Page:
There will come a time when the run or the workout will require bigger than average effort.  What are the keys you will remind yourself of when that time comes?  Do your shoulders hunch and get tight when you are tired?  Plan in advance that you will try to relax your shoulders for 30 seconds at a time when that occurs.  Does your breathing get too shallow?  Tell yourself in advance that when it starts to go that direction, you will commit to several long and deep inhales to help get you back on track.  What are the types of encouragement from others that really have helped you succeed in running or in life generally?  Tough barking orders, or soothing positive words?  Prepare with these phrases already on tap to remind your body that you and your mind are in control and not the other way around.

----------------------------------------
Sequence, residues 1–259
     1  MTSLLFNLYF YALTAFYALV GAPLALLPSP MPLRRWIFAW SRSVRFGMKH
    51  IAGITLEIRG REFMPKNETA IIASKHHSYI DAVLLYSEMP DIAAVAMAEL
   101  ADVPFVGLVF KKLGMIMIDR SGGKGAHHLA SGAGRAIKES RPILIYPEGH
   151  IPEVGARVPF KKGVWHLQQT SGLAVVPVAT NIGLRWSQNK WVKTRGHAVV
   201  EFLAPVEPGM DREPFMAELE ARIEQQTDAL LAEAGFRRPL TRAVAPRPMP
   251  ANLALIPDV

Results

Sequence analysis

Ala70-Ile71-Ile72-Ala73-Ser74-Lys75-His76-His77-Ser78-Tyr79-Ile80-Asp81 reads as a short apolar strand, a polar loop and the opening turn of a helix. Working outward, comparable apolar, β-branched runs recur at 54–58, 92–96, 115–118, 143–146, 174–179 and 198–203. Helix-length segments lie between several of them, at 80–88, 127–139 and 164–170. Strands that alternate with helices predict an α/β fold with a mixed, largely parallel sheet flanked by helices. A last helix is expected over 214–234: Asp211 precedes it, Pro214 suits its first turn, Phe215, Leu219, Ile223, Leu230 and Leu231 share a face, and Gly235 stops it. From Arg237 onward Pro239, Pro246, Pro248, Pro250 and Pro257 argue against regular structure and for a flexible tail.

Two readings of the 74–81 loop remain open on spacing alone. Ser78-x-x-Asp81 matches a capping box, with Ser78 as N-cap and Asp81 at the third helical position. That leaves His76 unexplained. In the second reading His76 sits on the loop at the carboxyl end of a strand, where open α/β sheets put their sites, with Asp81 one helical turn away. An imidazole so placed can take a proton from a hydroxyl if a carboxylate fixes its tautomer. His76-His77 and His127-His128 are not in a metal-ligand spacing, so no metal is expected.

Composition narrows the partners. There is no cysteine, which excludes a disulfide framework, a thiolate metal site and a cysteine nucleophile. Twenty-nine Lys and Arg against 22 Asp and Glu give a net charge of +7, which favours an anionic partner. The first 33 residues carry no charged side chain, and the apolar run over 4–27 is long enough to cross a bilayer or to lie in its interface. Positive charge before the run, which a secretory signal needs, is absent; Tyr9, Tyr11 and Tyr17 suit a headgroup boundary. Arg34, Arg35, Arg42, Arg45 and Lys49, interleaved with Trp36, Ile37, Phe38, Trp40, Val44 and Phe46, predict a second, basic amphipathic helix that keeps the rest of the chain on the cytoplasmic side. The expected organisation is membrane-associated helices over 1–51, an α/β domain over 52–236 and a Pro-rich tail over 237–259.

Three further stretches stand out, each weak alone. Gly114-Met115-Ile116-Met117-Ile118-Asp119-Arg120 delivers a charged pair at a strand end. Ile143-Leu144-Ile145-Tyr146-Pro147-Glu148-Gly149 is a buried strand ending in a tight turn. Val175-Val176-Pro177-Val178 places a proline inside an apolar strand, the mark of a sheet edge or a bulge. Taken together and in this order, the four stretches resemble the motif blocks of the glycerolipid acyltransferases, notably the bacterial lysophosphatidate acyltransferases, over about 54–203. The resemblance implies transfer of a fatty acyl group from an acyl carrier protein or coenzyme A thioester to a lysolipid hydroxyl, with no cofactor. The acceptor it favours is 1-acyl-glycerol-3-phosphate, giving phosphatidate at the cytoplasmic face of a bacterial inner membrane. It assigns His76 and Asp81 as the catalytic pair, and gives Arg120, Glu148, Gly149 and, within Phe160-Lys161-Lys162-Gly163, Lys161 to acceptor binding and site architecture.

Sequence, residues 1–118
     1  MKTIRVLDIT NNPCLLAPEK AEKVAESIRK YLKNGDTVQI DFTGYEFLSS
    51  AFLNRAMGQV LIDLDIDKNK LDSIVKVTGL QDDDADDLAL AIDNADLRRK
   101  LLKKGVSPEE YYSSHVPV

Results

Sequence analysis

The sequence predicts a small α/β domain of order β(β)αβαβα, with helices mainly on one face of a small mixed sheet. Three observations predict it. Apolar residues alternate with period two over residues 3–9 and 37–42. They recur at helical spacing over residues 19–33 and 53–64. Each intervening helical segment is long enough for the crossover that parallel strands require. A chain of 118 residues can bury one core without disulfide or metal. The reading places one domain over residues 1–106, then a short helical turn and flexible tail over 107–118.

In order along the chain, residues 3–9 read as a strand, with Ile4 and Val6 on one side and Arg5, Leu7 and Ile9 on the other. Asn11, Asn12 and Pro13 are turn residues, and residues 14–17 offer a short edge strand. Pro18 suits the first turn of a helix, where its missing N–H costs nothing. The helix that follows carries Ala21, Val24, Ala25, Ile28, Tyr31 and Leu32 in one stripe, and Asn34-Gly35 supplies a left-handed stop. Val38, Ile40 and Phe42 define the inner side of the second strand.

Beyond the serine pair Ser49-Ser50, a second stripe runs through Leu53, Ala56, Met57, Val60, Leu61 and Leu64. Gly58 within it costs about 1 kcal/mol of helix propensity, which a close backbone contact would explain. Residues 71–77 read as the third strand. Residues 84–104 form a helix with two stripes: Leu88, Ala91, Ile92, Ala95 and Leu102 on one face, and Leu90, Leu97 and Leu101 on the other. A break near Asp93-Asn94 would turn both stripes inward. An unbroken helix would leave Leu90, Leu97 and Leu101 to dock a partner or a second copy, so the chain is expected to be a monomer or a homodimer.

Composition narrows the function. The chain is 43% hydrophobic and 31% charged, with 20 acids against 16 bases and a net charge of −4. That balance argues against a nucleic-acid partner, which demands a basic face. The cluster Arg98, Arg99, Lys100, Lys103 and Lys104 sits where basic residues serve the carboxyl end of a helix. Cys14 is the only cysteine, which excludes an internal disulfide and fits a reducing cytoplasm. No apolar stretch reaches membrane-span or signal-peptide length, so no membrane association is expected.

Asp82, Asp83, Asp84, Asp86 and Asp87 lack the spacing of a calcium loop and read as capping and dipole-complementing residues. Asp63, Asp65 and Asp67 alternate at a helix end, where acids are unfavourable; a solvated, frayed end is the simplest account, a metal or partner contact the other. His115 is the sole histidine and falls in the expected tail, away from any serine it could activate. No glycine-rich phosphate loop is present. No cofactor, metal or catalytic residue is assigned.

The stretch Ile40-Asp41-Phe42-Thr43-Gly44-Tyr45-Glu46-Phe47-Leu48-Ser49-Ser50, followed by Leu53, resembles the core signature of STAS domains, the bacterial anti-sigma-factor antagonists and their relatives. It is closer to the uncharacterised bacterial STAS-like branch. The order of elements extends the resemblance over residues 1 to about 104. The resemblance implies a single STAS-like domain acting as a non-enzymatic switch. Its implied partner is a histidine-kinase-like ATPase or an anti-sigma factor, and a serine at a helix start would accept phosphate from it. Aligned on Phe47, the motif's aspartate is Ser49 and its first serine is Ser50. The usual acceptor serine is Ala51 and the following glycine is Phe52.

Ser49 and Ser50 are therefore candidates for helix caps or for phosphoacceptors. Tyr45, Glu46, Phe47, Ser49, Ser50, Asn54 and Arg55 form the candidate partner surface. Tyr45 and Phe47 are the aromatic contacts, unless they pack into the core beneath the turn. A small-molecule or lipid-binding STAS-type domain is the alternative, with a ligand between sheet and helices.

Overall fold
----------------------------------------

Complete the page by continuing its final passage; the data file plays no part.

5.  Decide if knowing the workout well in advance is helpful to you or not.

If you find that you get too stressed out thinking about a big one in the week leading up, but know that every week on a certain day that type of workout will occur, resist the urge to look ahead or forgo the weekly email for a time and instead look at it a day or two ahead just for logistical planning purposes.  You will know what type of effort is required (tempo run, track workout, long run), but you won’t have the time to build additional pressure on yourself.

 

6.  Create accountability and a reward. Enlist others.